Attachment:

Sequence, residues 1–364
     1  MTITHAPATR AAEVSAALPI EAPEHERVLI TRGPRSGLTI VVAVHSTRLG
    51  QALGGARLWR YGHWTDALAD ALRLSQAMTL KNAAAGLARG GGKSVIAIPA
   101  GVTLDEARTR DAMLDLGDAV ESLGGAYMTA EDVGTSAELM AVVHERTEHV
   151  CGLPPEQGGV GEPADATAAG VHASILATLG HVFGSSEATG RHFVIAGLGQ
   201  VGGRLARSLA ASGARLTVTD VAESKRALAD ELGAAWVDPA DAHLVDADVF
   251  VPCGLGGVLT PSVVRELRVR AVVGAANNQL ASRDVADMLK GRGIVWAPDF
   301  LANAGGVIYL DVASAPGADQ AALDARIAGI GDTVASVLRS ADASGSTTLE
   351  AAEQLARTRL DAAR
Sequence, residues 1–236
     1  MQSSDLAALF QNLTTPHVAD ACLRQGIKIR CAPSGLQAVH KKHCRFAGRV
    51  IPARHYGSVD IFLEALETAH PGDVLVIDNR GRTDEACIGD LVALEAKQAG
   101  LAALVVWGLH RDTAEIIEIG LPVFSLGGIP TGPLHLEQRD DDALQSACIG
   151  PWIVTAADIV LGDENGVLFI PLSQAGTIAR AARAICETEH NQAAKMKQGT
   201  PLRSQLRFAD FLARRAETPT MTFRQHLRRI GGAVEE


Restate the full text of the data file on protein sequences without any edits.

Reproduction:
Sequence, residues 1–364
     1  MTITHAPATR AAEVSAALPI EAPEHERVLI TRGPRSGLTI VVAVHSTRLG
    51  QALGGARLWR YGHWTDALAD ALRLSQAMTL KNAAAGLARG GGKSVIAIPA
   101  GVTLDEARTR DAMLDLGDAV ESLGGAYMTA EDVGTSAELM AVVHERTEHV
   151  CGLPPEQGGV GEPADATAAG VHASILATLG HVFGSSEATG RHFVIAGLGQ
   201  VGGRLARSLA ASGARLTVTD VAESKRALAD ELGAAWVDPA DAHLVDADVF
   251  VPCGLGGVLT PSVVRELRVR AVVGAANNQL ASRDVADMLK GRGIVWAPDF
   301  LANAGGVIYL DVASAPGADQ AALDARIAGI GDTVASVLRS ADASGSTTLE
   351  AAEQLARTRL DAAR
Sequence, residues 1–236
     1  MQSSDLAALF QNLTTPHVAD ACLRQGIKIR CAPSGLQAVH KKHCRFAGRV
    51  IPARHYGSVD IFLEALETAH PGDVLVIDNR GRTDEACIGD LVALEAKQAG
   101  LAALVVWGLH RDTAEIIEIG LPVFSLGGIP TGPLHLEQRD DDALQSACIG
   151  PWIVTAADIV LGDENGVLFI PLSQAGTIAR AARAICETEH NQAAKMKQGT
   201  PLRSQLRFAD FLARRAETPT MTFRQHLRRI GGAVEE